Brussels, 27 June, 2014
ETUCE welcomes that the European Commission calls for actions as OECD survey reveals that more than 80% of teachers in the EU feel undervalued.
Yesterday OECD presented the international Talis results on teaching and learning and the European Commission presented the outcomes of the survey concerning Europe. The survey is based on answers of teachers and school leaders of lower-secondary schools in 34 countries, from which 19 countries are in Europe. Around 100.000 teachers answered worldwide, 55.000 in Europe.
1. Teachers love their jobs but 2/3rd of the teachers, mainly the European ones feel that the profession is undervalued in the society, it is not recognised and not supported. More than 80% of teachers in the EU feel undervalued.
2. Teaching is a female profession (highest rates of female lower secondary school teachers are in Latvia and Estonia – 90%, Italy – 80%), and 50% of school leaders in Europe are female. The early drop out can be the result of not finding man role models among the teachers.
3. 36% of EU teachers work in schools where there is a shortage of qualified and/or well-performing teachers (mainly concerns NL, RO, EE, UK-ENG, with FR, NL, HR, ES, EE reporting shortages of teachers for pupils with special needs), according to school leaders (principals).
4. 90% of the teachers said that they participated in continuous professional development (CPD) within 12 months before the survey. Continuous professional development of the European teachers focuses mostly on ICT use and curriculum development. The main obstacles of their attendance in CDP is lack of support and high price of training.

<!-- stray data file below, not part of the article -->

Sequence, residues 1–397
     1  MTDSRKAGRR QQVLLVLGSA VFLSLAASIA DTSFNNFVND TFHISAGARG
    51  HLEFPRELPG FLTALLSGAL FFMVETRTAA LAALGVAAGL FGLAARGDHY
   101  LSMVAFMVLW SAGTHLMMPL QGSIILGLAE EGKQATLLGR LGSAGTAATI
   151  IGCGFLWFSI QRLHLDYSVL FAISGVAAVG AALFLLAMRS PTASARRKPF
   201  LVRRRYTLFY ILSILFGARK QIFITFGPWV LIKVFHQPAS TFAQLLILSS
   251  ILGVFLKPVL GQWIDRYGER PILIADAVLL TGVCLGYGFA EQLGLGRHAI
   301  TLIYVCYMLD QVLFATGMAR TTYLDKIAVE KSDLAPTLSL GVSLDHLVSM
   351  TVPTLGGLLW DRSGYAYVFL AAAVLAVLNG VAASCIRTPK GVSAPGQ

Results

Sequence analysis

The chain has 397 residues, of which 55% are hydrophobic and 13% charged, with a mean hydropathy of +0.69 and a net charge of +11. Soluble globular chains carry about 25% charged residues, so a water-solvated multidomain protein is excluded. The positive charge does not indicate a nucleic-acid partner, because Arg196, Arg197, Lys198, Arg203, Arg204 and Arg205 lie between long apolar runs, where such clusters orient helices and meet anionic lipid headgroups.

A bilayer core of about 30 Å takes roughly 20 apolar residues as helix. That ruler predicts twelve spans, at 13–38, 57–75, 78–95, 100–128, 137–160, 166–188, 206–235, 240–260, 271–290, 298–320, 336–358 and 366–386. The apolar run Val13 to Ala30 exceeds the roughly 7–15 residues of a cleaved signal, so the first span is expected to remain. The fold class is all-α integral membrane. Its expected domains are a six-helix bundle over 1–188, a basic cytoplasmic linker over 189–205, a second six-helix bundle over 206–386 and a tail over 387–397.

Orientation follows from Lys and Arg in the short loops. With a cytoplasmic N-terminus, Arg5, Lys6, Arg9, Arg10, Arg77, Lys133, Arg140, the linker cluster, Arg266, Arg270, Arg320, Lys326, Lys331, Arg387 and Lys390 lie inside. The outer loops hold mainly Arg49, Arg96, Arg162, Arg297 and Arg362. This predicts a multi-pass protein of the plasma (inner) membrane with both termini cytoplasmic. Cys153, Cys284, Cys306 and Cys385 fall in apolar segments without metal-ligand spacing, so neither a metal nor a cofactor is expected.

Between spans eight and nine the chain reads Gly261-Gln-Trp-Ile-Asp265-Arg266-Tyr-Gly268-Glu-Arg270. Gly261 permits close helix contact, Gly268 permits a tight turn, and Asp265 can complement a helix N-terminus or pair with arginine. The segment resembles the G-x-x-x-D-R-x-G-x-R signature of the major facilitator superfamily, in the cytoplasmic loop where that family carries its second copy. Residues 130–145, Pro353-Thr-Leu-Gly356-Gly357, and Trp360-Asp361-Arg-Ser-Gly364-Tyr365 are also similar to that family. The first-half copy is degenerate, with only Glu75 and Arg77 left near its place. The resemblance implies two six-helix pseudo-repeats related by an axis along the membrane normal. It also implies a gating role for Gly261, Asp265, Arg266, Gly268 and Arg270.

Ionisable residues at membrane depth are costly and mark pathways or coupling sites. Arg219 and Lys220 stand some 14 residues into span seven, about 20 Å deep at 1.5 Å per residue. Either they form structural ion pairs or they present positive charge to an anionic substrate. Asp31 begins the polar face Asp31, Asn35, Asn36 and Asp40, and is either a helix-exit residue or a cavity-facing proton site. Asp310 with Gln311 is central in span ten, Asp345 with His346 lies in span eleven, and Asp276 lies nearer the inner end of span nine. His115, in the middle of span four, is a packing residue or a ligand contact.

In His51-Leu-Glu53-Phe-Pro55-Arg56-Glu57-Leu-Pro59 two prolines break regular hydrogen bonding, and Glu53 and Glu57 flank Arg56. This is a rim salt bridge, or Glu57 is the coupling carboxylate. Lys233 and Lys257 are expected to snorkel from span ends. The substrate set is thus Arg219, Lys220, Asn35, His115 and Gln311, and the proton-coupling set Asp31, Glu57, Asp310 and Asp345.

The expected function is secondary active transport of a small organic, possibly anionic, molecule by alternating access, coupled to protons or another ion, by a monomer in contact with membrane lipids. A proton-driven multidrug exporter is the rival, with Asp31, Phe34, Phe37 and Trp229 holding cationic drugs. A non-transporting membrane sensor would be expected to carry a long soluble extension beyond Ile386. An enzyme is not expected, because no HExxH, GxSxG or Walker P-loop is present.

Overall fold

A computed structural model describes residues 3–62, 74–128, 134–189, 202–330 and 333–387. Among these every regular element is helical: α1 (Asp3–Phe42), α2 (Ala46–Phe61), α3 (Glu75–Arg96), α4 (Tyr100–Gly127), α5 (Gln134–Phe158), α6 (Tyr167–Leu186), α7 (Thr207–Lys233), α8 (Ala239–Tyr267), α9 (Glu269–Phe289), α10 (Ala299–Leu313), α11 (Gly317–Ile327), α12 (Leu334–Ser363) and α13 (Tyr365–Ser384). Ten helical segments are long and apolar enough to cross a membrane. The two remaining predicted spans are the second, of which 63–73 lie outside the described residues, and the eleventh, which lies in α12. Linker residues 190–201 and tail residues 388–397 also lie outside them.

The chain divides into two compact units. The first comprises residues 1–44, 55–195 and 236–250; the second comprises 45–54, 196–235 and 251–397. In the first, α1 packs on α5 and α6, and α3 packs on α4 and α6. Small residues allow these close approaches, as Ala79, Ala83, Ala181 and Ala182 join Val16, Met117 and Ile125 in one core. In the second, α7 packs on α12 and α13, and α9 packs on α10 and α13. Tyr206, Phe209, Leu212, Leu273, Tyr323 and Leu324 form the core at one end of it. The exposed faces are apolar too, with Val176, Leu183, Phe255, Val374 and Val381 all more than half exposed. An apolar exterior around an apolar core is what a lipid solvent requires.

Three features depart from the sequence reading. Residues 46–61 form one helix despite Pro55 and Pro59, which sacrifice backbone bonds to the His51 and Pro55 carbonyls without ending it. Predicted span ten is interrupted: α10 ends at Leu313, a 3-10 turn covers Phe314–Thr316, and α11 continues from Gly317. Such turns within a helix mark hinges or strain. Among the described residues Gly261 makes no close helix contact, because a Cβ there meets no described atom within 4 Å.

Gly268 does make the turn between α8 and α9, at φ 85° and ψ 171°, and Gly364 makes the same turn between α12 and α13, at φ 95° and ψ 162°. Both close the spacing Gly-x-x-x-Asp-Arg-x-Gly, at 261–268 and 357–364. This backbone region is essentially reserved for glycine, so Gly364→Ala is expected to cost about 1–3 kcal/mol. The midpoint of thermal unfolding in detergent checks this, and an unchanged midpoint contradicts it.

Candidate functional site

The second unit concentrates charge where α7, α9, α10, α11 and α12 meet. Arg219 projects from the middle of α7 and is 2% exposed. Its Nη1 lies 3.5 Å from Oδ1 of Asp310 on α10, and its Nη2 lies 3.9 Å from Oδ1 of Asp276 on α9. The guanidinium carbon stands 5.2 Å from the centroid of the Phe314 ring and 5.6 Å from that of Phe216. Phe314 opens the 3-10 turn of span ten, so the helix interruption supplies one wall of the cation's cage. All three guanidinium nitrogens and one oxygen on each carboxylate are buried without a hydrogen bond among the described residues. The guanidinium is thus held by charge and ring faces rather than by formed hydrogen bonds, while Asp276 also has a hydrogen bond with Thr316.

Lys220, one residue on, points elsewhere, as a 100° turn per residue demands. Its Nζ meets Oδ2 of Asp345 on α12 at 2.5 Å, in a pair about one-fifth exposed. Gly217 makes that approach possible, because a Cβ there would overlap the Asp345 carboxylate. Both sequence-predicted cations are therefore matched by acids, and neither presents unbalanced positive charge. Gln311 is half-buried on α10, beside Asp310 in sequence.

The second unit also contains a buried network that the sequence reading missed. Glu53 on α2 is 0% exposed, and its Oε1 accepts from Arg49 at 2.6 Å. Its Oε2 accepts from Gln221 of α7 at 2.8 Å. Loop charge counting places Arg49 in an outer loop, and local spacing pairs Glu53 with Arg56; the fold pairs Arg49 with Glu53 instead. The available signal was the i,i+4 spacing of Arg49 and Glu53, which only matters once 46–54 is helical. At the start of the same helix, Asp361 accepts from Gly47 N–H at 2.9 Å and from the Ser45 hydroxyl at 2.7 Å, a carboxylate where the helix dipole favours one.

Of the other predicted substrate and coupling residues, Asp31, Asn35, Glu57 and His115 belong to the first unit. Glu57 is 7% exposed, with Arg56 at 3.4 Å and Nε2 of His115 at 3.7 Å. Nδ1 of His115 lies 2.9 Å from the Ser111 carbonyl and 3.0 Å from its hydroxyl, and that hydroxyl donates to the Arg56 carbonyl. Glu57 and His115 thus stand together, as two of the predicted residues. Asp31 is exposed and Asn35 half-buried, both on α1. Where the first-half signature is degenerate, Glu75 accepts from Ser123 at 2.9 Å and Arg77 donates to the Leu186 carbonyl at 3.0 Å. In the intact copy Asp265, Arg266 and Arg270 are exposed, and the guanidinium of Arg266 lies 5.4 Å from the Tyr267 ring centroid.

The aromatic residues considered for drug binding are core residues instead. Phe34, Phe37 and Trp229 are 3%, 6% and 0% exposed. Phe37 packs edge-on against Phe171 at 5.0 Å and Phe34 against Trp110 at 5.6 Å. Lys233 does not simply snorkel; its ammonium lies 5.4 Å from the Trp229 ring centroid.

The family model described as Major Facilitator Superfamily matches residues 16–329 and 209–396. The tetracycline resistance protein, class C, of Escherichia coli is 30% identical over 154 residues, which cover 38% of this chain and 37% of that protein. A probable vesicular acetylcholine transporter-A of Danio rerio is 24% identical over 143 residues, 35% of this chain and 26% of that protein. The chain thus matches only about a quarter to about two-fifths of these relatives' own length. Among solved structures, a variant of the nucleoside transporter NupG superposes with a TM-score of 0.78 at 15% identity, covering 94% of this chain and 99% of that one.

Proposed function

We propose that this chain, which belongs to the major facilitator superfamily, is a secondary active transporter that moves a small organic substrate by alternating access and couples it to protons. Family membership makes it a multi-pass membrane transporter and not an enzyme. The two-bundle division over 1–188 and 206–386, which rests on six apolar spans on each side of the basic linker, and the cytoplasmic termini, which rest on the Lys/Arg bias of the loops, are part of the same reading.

5. While the teaching time in average is around 20 hours, working time of teachers is the highest in the UK (46), Portugal (45), and Italy has the lowest (30).
6. Teachers are dissatisfied in their job not because of the size of the class, but because of behavioural problems of the students.
7. 38% of school leaders in Europe reported that there is no induction programme for novice teachers in their schools.
ETUCE, which represents 129 teachers trade unions in Europe, calls for urgent national actions as it is high time to improve the value of the teaching profession.
We suggest that the European Commission should take a more active role in this effort by building up its strategic objectives on education and training for 2015-2020 to focus on teachers. The European Commission should encourage governments to:
- Increase quality of education, particularly of teaching, by sustainable funding;
- Ensure appropriate working time, workload, and salary for teachers to increase value of teaching in the society;
- Enhance effective social dialogue on education and training;
- Lower the shortage of qualified teachers in Europe;
- Increase the number and improve the quality of induction phase of novice teachers;
- Attract more male to the profession to achieve gender equality among the teachers;
- Allocate at least 10% of the work time of the teachers to continuous professional development, which should be supported by the school leaders, and financed by the school.
The European Trade Union Committee for Education (ETUCE) represents 132 Teacher Unions and 11 million teachers in all countries of Europe, 4.2 million teachers in the EU, from all levels of the education sector. ETUCE is a Social Partner in education at the EU level and a European Trade Union Federation within ETUC, the European Trade Union Confederation. ETUCE is the European Region of Education International, the global federation of teacher unions.
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